In recent times, furniture designers are reuniting with nature’s willful verve by turning to trees for inspiration, while collectors are enticed by the prospect of bringing the forest indoors, writes FUNKE OSAE-BROWN.
As an architect, Tunde Afonja was in London last Spring to witness the latest developments in the field of architecture. He was amazed by what he saw. He was led into rare construction of large-scale installations in distinctive idiom. He realised that architecture was no longer in the conventional form, as he had drawn designs that were wholly immersing.
One of the unique designs that amazed him was that of Chinese architect, Li Xiaodong, who constructed a maze-like series of spaces with walls made of thin branches. This was similar to an installation the Chinese architect once created, which was clad entirely in firewood. It was inspired by the woodpiles outside each home, including gestures to the surrounding forest.
Here, at the Royal Academy of London, Afonja said he was simply enveloped by nature with its soothing effect. Trees have been the basis of architecture and furniture design from the earliest times. It is not a surprise therefore that modern and contemporary architectural designs are seeking to re-engage wood. The new direction for furniture makers is the raw use of trees, including a sophisticated use of timber. Contemporary designs include the use of tree branches (including the bark) to create furniture with knobbly irregularity, offering a poetic contrast to their geometric context. These are statement pieces that offer comforting enclosure. They are not claustrophobic as the spaces between the branches give a glimpse of freedom.
Some of the latest designs have involved the use of living plant instead of their machined derivatives. While some others include the use of branches straight from the tree, others the casting and modelling trees and roots, or even taking highly processed wood and using different means to give it a new life inspired by trees.
This new trend is making consumers become aware of the soothing nature of trees, which offers comfort away from a world where they are increasingly hemmed in by steel and concrete in their homes. They now long for that exclusive world where nature interplays with the wayward vigour of root and branch.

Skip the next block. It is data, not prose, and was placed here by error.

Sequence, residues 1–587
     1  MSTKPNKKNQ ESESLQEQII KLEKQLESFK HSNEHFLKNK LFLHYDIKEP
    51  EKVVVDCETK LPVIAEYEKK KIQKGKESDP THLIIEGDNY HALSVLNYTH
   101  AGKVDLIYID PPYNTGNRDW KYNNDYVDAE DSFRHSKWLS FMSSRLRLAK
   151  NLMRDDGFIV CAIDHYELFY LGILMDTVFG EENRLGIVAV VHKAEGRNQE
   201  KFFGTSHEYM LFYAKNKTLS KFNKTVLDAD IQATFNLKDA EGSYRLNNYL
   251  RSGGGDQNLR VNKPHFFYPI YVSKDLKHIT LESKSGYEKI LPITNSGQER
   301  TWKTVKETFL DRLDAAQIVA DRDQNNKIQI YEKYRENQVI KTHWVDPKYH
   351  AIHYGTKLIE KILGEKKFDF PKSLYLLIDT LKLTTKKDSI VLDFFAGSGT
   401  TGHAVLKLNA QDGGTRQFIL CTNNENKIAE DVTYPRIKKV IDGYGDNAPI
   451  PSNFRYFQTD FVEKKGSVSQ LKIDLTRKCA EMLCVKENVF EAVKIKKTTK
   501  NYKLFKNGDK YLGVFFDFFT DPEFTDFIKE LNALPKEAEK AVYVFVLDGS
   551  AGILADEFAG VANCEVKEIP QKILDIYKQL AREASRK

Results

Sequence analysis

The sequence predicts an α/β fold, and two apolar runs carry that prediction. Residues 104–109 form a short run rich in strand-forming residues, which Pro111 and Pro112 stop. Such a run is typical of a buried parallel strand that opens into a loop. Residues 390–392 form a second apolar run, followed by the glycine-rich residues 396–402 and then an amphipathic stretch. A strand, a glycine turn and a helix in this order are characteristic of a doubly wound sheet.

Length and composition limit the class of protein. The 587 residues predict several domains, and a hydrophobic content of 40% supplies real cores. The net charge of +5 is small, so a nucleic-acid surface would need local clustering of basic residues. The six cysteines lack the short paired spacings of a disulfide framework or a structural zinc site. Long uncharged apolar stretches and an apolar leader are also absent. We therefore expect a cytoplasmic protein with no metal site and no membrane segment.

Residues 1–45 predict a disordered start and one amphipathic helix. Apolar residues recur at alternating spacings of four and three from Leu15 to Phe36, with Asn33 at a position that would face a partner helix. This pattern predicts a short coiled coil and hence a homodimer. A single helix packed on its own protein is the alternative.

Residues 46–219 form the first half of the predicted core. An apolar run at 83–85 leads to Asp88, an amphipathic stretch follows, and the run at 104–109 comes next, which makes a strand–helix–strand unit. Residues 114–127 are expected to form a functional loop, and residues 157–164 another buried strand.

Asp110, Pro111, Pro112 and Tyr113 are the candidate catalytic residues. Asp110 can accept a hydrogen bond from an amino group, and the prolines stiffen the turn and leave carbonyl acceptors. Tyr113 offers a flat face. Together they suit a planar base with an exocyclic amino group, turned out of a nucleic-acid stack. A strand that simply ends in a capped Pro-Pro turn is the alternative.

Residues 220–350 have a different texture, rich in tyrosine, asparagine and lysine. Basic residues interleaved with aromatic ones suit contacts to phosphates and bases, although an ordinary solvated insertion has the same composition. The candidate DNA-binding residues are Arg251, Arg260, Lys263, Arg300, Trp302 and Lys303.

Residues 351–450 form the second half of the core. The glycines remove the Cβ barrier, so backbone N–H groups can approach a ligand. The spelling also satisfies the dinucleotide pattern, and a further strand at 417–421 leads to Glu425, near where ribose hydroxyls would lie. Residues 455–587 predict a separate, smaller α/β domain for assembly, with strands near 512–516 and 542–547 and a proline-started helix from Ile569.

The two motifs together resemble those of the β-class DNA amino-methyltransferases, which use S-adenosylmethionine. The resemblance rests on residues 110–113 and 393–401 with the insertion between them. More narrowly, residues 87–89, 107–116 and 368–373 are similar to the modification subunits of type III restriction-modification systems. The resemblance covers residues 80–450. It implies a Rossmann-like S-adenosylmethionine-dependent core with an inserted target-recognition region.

“Anyone who is familiar with latest trends in architecture,” says Afonja, “will agree with me that so many things are changing hands. I mean there are interesting designs that are amorous, making the consumer find new reasons to fall in love with wood again. Furniture is no longer about steel. There are very interesting installation pieces made of tree branches.”
Some of these new designs, Afonja observes, evoke memory of romanticism. According to him, some of the foreign furniture makers who share this new ideology is the Dutch company, Studio Floris Wubben. “Studio Floris Wubben shares this romanticism but in a different way. They call their nature range, Tolkienish aesthetic. Their brand promise is to enable furniture and nature to co-operate together in ultimate harmony.”
In addition, Afonja says British designer, Max Lamb, is one of the international brands making interesting pieces. “He works with many diverse materials,” he says. “His designs are influenced by his childhood days growing up in the countryside in Cornwall and Yorkshire. Some of his designs explore both house and gardens for inspiration. One of his designs is inspired by a yew tree that had been felled to make way for excavations of an underground chimney and was allowed to take away eight logs.”
Locally, however, Bolaji Dada, a furniture maker, says Nigerian furniture makers have always fancied working with wood, but not in an engaging way that their foreign counterparts do. “We work with wood,” he explains, “but not with tree branches. Tree branches are common with carpenters who work in the villages, but it is not a design that has really engaged the attention of the consumers in the cities.”
Afonja says the idea of modelling from nature is hard. To him, there is a plethora of examples. “Mattia Bonetti, a glamorous Swiss-born designer, produced a new, nature-themed collection that includes a sculptural side table he named ‘Roots’ and a standing lamp. Nature has always been a source of his works than a direct copy of nature; his designs are inspired by the formal tension between an irregular, organic inner shape and a smooth outer skin.”
For many of these designs, observes Toun Adeniyi, a consumer, the source may be primitive but the treatment is very sophisticated. “Some of the foreign designs evoke pure emotion,” explains Adeniyi. “You cannot help but feel that pure emotion when confronted with the latest creation by internationally renowned designers. I just collected a piece made by Irish designer, Joseph Walsh, the last time I was in London. He was commissioned for an exhibition at the New Art Centre, Salisbury.” Adeniyi says she finds his piece, ‘Walsh’s Magnus Celestii’ with its flying shelf very interesting. For her, the piece is a genius demonstration of the sculptural potential of Walsh’s technique.
In addition, she says Walsh pieces are dramatic, sophisticated in that they retain nature’s original energy. “There is this extraordinary desk that stands on one foot, I saw at the exhibition,” says Adeniyi, “with its left side spiralling upwards into the ceiling, is created from one tree, with the beautiful markings of the wood displayed to powerful effect.”
According to her, the dynamism of that single plant is still present, even though the wood has been precisely engineered. The piece almost carries the tree to its own natural apotheosis, evoking not only its insistent reaching upwards in life, but also the circles of smoke that would arise from a fire created from it, once dead.
And so, contemporary home furniture makers are producing work that digs deeply and imaginatively, into its mysterious origins.